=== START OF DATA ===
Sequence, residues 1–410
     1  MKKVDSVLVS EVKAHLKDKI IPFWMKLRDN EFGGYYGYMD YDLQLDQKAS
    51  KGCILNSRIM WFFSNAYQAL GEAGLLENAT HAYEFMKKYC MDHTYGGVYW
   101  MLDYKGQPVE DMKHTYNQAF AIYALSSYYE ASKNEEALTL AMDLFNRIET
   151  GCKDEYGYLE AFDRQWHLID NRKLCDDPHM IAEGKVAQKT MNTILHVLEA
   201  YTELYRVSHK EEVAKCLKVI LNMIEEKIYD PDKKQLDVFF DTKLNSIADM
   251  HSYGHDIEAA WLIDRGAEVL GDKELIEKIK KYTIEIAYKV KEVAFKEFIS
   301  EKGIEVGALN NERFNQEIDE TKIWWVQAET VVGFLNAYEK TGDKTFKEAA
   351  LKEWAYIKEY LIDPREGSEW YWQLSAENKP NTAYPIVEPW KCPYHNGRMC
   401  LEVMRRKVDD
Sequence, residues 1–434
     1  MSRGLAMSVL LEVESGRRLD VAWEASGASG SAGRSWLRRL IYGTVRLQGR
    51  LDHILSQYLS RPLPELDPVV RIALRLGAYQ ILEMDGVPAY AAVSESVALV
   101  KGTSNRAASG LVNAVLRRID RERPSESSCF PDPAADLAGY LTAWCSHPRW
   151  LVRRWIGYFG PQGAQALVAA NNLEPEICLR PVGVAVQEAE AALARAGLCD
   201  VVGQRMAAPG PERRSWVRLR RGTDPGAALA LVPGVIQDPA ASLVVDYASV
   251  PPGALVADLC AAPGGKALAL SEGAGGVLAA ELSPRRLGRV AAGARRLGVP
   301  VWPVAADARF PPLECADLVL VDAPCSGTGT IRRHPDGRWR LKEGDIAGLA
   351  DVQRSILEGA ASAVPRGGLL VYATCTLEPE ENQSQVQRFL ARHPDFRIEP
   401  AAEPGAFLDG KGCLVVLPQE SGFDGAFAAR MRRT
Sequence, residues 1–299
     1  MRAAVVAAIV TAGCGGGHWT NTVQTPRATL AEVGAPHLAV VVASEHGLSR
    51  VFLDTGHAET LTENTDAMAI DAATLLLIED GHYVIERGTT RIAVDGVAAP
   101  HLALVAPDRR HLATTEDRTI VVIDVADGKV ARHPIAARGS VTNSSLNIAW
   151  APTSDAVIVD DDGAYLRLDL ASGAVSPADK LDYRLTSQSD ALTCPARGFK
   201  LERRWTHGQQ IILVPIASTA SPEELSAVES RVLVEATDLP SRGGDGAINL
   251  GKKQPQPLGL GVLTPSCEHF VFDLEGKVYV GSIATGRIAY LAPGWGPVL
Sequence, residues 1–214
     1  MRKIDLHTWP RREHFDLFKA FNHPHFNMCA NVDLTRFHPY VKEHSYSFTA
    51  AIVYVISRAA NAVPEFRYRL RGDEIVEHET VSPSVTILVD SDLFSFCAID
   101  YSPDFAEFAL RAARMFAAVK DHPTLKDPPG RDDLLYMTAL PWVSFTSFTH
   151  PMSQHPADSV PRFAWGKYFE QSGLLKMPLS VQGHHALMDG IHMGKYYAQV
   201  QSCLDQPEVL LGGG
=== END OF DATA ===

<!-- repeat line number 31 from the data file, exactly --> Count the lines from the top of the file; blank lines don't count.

   101  YSPDFAEFAL RAARMFAAVK DHPTLKDPPG RDDLLYMTAL PWVSFTSFTH